Figure 2. De¬ning φ— ω.

Example 5.4. Suppose ω = y dx + z dy + x dz is a 1-form on R3 , and

φ(a, b) = (a + b, a ’ b, ab) is a map from R2 to R3 . Then φ— ω will be a 1-form on

2. PULL-BACKS 69

R2 . To determine which one, we can examine how it acts on the vectors 1, 0 (a,b)

and 0, 1 (a,b) .

φ— ω( 1, 0 (a,b) ) = ω(Dφ( 1, 0 (a,b)))

«®

1 1

1

= ω ° 1 ’1 »

0

b a (a,b)

= ω( 1, 1, b (a+b,a’b,ab) )

= (a ’ b) + ab + (a + b)b

= a ’ b + 2ab + b2

Similarly,

φ— ω( 0, 1 = ω( 1, ’1, a

(a,b) ) (a+b,a’b,ab) )

= (a ’ b) ’ ab + (a + b)a

= a ’ b + a2

Hence,

φ— ω = (a ’ b + 2ab + b2 ) da + (a ’ b + a2 ) db

Exercise 5.3. If ω = x2 dy § dz + y 2dz § dw is a 2-form on R4 , and φ(a, b, c) =

(a, b, c, abc), then what is φ— ω?

Exercise 5.4. If ω is an n-form on Rm and φ : Rn ’ Rm , then

‚φ ‚φ

φ— ω = ωφ(x1 ,...,xn) (x1 , ...xn ) dx1 § ... § dxn

(x1 , ...xn ), ...,

‚x1 ‚xn

In light of the preceding exercise Equation 3 can be re-written as

φ— ω

ω=

M R

70 5. STOKES™ THEOREM

Exercise 5.5. If σ is a k-cell in Rn , φ : Rn ’ Rm , and ω is a k-form on Rm then

φ— ω = ω

σ φ(σ)

Exercise 5.6. If φ : Rn ’ Rm and ω is a k-form on Rm then d(φ— ω) = φ— (dω).

3. Stokes™ Theorem

In calculus we learn that when you take a function, di¬erentiate it, and then

integrate the result, something special happens. In this section we explore what

happens when we take a form, di¬erentiate it, and then integrate the resulting form

over some chain. The general argument is quite complicated, so we start by looking

at forms of a particular type integrated over very special regions.

Suppose ω = a dx2 § dx3 is a 2-form on R3 , where a : R3 ’ R. Let R be the unit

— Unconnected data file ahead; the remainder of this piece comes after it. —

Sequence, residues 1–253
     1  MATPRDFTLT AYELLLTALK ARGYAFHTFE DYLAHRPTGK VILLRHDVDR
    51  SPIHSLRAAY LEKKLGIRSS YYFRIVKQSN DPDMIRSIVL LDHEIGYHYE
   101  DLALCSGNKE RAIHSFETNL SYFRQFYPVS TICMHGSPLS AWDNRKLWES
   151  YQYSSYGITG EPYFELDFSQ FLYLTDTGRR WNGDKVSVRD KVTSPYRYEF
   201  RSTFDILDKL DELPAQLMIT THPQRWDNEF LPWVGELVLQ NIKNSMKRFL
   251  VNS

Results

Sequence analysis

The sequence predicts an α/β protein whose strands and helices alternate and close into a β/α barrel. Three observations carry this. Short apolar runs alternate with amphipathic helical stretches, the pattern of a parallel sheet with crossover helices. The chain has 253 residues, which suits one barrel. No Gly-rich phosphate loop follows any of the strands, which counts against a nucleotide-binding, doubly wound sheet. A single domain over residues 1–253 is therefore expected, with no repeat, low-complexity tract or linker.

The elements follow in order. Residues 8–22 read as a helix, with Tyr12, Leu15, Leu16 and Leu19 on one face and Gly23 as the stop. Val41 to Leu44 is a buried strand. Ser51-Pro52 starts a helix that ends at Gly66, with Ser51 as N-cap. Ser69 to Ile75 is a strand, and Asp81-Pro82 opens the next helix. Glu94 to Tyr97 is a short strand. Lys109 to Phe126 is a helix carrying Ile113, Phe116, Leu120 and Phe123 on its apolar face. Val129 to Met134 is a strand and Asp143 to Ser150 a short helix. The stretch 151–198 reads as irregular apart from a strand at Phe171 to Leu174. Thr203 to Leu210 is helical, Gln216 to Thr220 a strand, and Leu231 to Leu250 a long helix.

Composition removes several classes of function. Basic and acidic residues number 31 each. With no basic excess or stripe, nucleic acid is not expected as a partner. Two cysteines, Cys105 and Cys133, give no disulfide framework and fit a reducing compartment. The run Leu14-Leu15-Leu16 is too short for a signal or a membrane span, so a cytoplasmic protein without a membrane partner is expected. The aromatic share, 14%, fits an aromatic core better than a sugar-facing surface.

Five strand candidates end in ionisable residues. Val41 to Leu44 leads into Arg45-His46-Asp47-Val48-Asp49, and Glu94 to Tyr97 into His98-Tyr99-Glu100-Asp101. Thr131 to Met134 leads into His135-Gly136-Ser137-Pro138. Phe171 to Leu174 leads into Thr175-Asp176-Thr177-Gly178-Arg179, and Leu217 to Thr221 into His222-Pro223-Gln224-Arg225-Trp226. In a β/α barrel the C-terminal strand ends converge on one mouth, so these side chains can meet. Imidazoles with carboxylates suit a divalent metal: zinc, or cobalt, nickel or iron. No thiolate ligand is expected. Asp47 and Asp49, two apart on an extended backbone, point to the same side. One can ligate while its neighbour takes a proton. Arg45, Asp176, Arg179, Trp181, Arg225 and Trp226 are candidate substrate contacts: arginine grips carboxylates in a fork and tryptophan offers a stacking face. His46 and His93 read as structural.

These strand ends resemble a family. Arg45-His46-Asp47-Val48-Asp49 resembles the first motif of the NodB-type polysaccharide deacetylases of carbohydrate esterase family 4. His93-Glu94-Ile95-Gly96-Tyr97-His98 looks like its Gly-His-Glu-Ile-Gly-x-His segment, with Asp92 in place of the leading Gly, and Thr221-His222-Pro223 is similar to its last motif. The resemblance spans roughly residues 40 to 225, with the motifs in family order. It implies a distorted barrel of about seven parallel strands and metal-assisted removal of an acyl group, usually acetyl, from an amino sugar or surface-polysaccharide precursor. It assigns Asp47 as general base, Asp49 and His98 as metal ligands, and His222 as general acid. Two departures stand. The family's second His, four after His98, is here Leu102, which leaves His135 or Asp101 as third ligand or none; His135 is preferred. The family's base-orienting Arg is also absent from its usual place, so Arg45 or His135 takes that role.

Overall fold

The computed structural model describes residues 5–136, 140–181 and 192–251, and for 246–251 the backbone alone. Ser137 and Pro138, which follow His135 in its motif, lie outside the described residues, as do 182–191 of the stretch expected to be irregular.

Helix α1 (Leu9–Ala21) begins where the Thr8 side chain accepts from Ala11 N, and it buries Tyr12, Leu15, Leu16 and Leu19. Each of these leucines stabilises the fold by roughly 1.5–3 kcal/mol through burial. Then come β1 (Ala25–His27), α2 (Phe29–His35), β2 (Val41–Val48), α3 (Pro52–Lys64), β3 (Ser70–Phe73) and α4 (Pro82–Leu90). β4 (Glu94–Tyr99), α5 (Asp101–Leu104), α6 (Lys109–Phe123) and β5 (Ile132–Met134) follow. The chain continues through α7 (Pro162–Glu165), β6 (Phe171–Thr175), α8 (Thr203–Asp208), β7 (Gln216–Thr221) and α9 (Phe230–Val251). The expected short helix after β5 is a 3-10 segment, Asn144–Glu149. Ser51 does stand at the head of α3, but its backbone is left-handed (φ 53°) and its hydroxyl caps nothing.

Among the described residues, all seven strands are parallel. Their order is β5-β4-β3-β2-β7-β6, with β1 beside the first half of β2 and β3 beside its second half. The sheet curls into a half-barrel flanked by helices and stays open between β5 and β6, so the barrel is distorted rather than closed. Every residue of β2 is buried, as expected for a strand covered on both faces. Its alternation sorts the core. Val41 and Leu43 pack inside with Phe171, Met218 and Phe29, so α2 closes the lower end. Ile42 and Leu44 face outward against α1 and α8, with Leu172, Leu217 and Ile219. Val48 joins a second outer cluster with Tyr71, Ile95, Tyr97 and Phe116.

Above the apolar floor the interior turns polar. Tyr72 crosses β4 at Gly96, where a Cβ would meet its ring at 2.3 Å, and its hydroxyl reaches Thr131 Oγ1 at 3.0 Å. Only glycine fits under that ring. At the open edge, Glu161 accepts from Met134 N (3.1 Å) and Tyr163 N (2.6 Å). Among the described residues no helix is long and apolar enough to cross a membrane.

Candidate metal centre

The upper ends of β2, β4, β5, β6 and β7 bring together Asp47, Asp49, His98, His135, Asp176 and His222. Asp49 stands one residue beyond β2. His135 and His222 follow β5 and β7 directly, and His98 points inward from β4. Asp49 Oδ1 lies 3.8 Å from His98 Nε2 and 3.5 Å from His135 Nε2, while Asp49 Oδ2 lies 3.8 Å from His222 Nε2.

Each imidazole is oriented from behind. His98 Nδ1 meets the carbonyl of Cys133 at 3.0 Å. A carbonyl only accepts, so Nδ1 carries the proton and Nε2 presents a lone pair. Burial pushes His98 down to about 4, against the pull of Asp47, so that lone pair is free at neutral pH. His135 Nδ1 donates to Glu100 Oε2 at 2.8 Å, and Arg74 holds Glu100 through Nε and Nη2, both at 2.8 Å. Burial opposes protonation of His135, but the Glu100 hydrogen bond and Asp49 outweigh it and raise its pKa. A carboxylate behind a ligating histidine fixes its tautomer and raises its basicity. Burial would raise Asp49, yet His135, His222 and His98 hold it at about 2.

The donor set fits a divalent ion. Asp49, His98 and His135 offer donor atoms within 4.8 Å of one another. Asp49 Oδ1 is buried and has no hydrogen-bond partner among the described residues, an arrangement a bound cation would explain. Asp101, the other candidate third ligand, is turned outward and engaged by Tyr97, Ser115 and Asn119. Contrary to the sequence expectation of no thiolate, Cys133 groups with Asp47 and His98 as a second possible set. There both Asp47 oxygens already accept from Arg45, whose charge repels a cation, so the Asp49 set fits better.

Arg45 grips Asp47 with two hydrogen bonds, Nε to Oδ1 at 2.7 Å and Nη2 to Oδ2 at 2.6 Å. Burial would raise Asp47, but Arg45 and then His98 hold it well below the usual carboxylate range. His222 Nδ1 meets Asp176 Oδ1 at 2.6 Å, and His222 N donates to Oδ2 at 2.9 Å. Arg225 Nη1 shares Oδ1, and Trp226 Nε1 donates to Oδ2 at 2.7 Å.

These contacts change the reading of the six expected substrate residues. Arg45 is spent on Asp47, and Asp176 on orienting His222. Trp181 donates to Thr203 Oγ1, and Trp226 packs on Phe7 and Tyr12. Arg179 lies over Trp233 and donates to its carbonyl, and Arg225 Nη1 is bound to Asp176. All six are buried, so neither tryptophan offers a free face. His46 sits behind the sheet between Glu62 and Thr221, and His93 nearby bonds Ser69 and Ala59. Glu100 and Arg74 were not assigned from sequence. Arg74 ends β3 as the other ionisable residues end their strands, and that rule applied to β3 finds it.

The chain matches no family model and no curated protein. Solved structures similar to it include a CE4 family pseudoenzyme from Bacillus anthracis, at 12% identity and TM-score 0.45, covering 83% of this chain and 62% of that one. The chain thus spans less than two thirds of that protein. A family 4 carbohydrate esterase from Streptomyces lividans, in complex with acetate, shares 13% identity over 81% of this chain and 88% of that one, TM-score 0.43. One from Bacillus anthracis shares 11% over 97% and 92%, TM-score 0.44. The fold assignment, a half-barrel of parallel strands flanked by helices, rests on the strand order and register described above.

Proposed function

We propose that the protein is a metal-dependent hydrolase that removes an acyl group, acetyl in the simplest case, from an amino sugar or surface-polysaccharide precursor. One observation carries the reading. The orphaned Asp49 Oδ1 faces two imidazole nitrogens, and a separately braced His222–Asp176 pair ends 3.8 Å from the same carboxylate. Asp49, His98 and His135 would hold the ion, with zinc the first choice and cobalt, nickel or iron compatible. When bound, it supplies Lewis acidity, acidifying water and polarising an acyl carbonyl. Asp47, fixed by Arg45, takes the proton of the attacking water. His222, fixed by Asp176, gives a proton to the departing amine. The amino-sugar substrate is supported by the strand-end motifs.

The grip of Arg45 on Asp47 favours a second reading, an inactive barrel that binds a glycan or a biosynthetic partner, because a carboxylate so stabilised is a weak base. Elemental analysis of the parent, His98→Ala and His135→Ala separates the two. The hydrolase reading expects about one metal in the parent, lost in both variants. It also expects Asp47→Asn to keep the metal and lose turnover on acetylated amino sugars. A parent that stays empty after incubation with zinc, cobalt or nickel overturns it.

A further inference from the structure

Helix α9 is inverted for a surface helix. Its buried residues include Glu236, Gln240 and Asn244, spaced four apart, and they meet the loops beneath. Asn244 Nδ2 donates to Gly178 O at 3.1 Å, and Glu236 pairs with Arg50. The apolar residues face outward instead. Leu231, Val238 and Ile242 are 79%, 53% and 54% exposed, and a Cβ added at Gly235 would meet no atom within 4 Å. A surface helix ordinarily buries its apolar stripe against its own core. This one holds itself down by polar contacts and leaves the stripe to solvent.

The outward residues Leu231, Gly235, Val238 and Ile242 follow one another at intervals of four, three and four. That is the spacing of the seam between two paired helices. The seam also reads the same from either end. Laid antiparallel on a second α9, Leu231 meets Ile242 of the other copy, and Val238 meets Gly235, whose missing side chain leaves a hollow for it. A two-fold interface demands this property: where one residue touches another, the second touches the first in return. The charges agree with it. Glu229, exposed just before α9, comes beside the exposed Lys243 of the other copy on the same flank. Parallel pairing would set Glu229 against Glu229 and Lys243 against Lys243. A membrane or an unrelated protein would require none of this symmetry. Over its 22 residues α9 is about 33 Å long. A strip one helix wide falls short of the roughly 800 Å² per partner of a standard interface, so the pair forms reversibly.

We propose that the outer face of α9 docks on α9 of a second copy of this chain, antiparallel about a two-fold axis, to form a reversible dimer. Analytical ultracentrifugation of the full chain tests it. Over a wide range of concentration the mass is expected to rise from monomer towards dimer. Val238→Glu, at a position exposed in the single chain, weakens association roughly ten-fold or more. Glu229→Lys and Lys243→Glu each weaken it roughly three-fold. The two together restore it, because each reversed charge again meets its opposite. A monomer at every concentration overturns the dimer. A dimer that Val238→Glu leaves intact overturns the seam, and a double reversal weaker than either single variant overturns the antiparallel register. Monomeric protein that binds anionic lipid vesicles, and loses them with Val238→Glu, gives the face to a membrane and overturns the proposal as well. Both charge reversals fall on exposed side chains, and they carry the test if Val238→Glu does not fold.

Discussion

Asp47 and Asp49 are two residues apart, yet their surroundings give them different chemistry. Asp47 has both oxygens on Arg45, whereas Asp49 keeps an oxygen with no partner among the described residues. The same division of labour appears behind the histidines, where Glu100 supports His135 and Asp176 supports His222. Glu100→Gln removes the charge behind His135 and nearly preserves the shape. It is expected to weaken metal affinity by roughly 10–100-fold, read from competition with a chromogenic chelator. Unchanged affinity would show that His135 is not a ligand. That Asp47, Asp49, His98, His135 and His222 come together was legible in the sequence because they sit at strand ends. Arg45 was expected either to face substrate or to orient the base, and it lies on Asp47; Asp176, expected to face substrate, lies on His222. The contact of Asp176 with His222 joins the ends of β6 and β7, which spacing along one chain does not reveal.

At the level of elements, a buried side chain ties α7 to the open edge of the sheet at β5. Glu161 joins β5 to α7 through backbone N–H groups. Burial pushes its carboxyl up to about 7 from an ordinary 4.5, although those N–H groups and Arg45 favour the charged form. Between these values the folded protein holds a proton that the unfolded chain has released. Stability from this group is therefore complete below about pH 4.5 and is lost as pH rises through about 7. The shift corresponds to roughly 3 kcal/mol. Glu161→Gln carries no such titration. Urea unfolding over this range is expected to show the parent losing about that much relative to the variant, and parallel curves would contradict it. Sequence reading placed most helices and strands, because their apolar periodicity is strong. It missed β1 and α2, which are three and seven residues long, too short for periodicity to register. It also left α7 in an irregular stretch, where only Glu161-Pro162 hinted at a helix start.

cube, I 3 ‚ R3 . We would like to explore what happens when we integrate dω over

‚a

R. Note ¬rst that Exercise 4.7 implies that dω = ‚x1 dx1 § dx2 § dx3 .

Recall the steps used to de¬ne dω:

R

(1) Choose a lattice of points in R, {pi,j,k }. Since R is a cube, we can choose

this lattice to be rectangular.

1 2 3

(2) De¬ne Vi,j,k = pi+1,j,k ’ pi,j,k . De¬ne Vi,j,k and Vi,j,k similarly.

1 2 2

(3) Compute dωpi,j,k (Vi,j,k , Vi,j,k , Vi,j,k ).

(4) Sum over all i, j and k.

(5) Take the limit as the maximal distance between adjacent lattice points goes

to 0.

Let™s focus on Step 3 for a moment. Let t be the distance between pi+1,j,k and pi,j,k ,

)’a(pi,j,k )

a(p

‚a i+1,j,k

and assume t is small. Then ‚x1 (pi,j,k ) is approximately equal to .

t

This approximation gets better and better when we let t ’ 0, in Step 5.

1 3 1

The vectors, Vi,j,k through Vi,j,k , form a little cube. If we say the vector Vi,j,k

is “vertical”, and the other two are horizontal, then the “height” of this cube is t,

2 3

and the area of its base is dx2 § dx3 (Vi,j,k , Vi,j,k ), which makes its volume t dx2 §

2 3

dx3 (Vi,j,k , Vi,j,k ). Putting all this together, we ¬nd that

3. STOKES™ THEOREM 71

‚a

1 2 2 1 2 2

dx1 § dx2 § dx3 (Vi,j,k , Vi,j,k , Vi,j,k )

dωpi,j,k (Vi,j,k , Vi,j,k , Vi,j,k ) =

‚x1

a(pi+1,j,k ) ’ a(pi,j,k ) 2 3

≈ t dx2 § dx3 (Vi,j,k , Vi,j,k )

t

2 3 2 3

= ω(Vi+1,j,k , Vi+1,j,k ) ’ ω(Vi,j,k , Vi,j,k )

Let™s move on to Step 4. Here we sum over all i, j and k. Suppose for the moment

that i ranges between 1 and N. First, we ¬x j and k, and sum over all i. The result

2 3 2 3 2 3

is ω(VN,j,k , VN,j,k ) ’ ω(V1,j,k , V1,j,k ). Now notice that ω(VN,j,k , VN,j,k ) is a Riemann

j,k

2 3

sum for the integral of ω over the “top” of R, and ω(V1,j,k , V1,j,k ) is a Riemann

j,k

sum for ω over the “bottom” of R. Lastly, note that ω, evaluated on any pair of